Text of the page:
CHAPTER 2: Coordination and Clash Detection The coordination process with BIM involves, constructability reviews, clash detection and coordination meetings to ensure optimized and flawless design and construction. Regardless of the size and scope of a project, a fully-integrated team can achieve high levels of accuracy through a step by step process with coordination modeling and clash detection. Coordinated Model Previous 2D drawings lack the ability to encompass the plentitude of a structure. It is difficult to grasp exactly how the building is going to look and function.

Page 4


Executive Guide Fully coordinated models of the highest level incorporate floor plans and models to show just about anything you would want to know about infrastructure including architectural design, structural design, MEP/FP building systems, highway and road engineering, landscape and land surveying, offshore and marine architecture, rail and metro transportation engineering, tunneling and subway architecture, urban master-planning and smart city design. Not only do coordinated models show various elements that make up a building or other type of infrastructure, but they show how they come together in a way that could never be achieved with separate digital systems. Clash Detection Extremely complex internal building systems such as mechanical, electrical, plumbing and fire protection (MEP/FP) elements can be difficult to orchestrate through the walls floorboards and ceilings. Some of these systems even interact together and will intersect, but they all need their own dedicated space to function safety and properly. In order to arrange and coordinate all of these systems with the architecture and structural components, the systems are built in the digital model first. Clash detection is then used to resolve design issues from different systems clashing together or where errors in the design appear in the coordinated model. All the involved disciplines can now discuss changes, detect clashes and move forward with solutions to the clash errors. No Need for Coordination Drawings from the Contractor Frequently, contractors prepare coordination drawings to demonstrate the arrangement of materials, equipment, systems or plans to reduce conflicts from different trades when a new building a being constructed. With the production of accurate and reliable BIM models, there would be no need for such documents produced by the contractor. As stated previously, architects and engineers don’t always create models that are of a high enough level to hand over to contractors to use in place of coordination drawings. Although this is not always the case, innovative architecture and engineering firms should be striving to achieve this level of accuracy in their BIM models.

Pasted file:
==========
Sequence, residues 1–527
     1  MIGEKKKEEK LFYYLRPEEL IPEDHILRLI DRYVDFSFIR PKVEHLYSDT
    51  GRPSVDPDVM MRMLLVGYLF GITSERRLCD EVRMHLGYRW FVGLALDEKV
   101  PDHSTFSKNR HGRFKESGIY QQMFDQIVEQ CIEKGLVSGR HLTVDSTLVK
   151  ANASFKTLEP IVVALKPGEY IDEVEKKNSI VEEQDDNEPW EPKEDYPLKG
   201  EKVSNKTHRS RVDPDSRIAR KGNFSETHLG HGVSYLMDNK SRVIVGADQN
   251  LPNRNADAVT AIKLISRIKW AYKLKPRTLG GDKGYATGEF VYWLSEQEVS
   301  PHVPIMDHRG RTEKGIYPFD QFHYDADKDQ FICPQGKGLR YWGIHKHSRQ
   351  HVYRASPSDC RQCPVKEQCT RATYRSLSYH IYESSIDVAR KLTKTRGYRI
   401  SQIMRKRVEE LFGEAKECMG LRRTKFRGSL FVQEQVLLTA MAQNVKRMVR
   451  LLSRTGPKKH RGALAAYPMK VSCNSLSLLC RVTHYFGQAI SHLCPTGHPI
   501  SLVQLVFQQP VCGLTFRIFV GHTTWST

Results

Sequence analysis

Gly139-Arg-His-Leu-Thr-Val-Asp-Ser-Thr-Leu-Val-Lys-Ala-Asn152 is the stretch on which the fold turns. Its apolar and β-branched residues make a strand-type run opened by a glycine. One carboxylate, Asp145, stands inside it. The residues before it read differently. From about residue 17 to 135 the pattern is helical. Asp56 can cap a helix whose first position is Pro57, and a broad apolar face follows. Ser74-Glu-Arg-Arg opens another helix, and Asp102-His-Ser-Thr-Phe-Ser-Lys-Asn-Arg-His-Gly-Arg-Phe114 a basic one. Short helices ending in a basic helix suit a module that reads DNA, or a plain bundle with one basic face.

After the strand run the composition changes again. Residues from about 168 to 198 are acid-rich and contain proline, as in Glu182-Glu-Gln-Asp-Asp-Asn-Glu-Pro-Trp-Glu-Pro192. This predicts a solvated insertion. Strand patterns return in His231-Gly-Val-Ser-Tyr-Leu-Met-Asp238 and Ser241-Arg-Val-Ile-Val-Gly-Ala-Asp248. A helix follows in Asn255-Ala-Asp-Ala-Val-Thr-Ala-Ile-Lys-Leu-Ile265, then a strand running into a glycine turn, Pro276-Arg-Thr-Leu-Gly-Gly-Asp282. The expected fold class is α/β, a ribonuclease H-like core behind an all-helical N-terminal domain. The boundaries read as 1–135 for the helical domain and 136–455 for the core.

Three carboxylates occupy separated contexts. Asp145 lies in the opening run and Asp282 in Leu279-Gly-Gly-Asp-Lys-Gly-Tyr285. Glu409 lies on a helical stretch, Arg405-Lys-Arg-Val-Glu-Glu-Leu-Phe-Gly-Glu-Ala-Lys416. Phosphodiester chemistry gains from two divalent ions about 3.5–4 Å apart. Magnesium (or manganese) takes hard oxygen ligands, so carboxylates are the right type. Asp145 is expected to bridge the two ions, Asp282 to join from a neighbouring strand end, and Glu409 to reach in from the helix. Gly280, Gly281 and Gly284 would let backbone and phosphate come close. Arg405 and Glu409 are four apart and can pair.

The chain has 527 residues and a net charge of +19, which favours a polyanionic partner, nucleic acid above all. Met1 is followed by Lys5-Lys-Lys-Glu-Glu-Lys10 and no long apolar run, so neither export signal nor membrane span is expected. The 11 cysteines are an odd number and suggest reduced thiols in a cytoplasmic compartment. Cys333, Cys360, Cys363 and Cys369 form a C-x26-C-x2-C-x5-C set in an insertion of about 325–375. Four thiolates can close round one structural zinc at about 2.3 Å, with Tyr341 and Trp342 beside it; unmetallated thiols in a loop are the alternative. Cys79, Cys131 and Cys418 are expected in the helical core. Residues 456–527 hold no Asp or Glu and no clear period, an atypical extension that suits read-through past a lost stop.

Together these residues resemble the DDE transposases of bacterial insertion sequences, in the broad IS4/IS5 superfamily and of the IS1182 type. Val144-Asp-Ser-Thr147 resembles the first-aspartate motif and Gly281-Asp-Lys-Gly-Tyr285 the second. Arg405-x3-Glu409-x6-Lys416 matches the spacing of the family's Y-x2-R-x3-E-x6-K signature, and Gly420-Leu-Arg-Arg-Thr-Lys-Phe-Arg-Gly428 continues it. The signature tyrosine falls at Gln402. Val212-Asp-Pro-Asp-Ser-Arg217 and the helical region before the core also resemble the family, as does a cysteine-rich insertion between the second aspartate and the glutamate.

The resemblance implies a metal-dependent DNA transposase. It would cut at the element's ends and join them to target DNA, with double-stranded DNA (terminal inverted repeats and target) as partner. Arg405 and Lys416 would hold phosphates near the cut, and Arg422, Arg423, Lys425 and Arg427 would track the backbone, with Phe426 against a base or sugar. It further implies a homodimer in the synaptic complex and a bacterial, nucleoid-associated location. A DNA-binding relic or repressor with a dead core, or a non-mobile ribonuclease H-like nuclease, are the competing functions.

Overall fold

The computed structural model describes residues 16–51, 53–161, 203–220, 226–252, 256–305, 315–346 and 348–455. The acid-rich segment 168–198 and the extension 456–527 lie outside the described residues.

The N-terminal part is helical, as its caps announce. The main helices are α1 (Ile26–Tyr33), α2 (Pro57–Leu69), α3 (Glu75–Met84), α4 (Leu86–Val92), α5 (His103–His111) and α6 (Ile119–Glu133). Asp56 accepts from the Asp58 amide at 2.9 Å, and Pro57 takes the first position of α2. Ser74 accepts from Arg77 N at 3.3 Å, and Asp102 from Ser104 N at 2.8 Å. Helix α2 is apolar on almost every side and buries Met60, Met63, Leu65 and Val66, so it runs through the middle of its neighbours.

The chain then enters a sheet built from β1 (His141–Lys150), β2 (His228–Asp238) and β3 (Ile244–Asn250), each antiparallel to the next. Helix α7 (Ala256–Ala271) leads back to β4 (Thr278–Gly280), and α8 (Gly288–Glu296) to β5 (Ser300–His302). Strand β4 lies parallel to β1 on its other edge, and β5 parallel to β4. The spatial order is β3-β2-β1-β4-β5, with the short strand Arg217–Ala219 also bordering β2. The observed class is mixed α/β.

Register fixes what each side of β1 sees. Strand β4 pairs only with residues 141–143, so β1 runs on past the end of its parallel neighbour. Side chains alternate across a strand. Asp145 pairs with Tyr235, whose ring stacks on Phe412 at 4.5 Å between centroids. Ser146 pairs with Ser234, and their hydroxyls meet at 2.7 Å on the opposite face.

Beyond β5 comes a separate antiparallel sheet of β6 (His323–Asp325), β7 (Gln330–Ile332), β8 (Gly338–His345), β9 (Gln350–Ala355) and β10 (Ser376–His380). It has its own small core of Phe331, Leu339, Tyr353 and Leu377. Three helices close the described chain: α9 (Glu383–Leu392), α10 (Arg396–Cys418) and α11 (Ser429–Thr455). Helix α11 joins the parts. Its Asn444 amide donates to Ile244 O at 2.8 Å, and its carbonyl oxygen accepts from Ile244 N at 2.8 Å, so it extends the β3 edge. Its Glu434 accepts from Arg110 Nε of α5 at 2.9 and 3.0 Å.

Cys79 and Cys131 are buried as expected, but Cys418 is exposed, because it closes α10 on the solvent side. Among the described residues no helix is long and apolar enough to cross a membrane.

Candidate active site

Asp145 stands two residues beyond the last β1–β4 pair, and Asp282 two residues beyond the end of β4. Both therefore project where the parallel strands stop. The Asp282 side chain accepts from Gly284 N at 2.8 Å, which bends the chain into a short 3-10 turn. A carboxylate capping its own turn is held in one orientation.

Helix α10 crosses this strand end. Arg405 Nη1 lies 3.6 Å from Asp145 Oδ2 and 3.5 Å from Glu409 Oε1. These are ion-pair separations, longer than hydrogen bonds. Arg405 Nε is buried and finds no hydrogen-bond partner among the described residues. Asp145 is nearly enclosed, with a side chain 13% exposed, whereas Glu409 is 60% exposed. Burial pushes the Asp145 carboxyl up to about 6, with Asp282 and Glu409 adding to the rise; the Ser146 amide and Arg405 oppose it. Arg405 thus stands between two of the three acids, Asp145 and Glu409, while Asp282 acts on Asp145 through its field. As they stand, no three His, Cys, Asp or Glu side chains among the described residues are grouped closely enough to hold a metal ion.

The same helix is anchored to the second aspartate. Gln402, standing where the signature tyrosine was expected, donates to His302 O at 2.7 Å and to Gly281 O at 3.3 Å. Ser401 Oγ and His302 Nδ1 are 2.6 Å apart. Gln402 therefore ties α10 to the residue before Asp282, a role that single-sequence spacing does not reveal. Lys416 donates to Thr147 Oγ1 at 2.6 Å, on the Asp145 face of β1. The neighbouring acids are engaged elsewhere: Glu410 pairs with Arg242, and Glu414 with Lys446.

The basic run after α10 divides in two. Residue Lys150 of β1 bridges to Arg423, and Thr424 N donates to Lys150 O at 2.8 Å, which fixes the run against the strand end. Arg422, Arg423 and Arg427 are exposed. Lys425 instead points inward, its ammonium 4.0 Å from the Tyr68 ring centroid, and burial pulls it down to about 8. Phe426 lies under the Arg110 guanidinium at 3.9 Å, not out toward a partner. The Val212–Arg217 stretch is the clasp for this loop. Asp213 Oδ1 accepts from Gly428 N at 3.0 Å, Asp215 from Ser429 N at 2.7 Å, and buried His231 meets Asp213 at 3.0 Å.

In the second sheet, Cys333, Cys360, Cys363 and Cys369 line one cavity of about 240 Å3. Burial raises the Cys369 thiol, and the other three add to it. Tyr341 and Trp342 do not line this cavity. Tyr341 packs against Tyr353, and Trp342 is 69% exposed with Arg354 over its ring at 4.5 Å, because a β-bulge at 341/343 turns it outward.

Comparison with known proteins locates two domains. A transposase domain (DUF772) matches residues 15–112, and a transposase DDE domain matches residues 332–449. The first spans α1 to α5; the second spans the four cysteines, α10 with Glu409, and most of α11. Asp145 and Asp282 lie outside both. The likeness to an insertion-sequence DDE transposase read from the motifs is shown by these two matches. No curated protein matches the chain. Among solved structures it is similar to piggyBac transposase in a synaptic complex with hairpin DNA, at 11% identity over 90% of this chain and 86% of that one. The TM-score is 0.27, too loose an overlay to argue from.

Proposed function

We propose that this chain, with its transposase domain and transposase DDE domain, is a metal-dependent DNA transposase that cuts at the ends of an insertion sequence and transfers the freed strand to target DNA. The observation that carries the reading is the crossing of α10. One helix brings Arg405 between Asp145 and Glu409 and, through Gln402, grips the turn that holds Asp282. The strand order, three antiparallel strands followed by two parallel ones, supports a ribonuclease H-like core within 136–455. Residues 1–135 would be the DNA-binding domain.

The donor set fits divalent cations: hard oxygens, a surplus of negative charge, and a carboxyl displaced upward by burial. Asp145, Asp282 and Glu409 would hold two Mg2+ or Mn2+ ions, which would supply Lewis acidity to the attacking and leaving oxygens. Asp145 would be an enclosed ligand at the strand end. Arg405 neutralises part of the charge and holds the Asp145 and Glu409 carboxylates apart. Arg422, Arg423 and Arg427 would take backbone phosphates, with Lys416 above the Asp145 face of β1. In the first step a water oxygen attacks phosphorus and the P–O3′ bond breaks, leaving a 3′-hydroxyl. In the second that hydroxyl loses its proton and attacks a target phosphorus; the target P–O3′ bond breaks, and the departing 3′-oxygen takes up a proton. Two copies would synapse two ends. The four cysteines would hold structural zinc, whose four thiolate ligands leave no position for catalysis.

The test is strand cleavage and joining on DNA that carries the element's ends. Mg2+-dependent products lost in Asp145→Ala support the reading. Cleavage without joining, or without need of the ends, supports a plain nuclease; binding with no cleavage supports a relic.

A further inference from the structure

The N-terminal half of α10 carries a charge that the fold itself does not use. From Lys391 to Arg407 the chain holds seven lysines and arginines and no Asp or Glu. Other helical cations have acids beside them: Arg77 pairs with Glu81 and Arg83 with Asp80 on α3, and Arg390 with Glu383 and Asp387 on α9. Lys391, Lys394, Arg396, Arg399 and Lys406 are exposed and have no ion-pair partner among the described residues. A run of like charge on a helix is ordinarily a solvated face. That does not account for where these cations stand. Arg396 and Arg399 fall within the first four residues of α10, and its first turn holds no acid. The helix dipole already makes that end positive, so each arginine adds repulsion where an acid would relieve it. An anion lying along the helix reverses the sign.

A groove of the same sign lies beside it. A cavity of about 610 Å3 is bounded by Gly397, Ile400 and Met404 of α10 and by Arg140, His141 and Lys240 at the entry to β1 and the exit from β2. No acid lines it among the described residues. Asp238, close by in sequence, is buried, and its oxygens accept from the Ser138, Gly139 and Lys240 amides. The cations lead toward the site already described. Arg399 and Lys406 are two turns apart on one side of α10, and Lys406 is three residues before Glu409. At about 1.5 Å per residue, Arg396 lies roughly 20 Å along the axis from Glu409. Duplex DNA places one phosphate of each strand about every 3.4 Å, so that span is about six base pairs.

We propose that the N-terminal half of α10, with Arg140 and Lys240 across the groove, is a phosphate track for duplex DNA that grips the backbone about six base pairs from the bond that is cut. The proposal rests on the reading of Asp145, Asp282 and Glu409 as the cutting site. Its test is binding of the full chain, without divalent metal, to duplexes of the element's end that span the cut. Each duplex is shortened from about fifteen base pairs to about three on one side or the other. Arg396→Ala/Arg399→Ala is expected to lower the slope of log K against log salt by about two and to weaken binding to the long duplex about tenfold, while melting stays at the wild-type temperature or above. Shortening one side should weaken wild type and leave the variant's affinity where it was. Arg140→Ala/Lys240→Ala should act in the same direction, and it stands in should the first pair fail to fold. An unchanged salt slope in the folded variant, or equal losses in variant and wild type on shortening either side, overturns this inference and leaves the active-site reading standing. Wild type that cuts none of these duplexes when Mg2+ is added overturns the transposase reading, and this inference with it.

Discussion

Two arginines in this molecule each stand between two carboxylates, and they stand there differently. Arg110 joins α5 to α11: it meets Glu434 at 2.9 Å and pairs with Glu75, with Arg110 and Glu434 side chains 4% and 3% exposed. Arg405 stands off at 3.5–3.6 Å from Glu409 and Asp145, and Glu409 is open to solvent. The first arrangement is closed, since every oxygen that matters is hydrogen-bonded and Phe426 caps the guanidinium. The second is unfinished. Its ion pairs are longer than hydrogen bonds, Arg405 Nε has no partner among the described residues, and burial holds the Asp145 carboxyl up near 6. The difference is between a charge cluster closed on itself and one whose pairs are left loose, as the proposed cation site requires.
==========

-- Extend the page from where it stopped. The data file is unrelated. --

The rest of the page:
Page 5


Executive Guide

CHAPTER 3: Existing Conditions Modeling Since BIM has so many useful capabilities, it probably comes as no surprise that the BIM modeling process is not only useful for greenfield design and construction, but for developing models of existing site conditions, facilities on sites and specific areas within a facility. Enhancing Efficiency and Accuracy of Existing Conditions Existing conditions modeling differs from greenfield modeling due to developmental needs that represent the current building. Creating the existing conditions model can be done by laser scanning or traditional surveying techniques. Performing the BIM modeling process for existing conditions is a timelier process when you compare it to greenfield architecture, but the benefits outweigh the drawbacks of using traditional methods. There is additional value involved when recreating an existing building or piece of a building as a BIM model. If you were ever to complete renovations or an addition on the existing BIM model, you would have everything ready to go for your project team. Additionally, you could use this information to create a pre-disaster plan and post-disaster record.

CHAPTER 4: How BIM can Help Reduce Project Budge and Duration As BIM is now a mainstay in the design and construction industry and many professional firms are busy updating to accommodate BIM procedures, one of the most beneficial factors remains largely unstudied. This major benefit is “how can BIM modeling help reduce project budgets?� We know that BIM can save money because a lot of the challenges that are faced in the building lifecycle can be improved with the use of BIM technology. Improvements could mean a reduction in project duration, errors and omissions, rework and/or claims/litigation.

Page 6


Executive Guide All these project factors make big impacts on the total cost of the design and construction project. The AEC industry is no different when it comes to the saying “time is money”. In the various project stages that are gone through during the lifecycle of the project, there are plenty of ways to save on project budget and duration.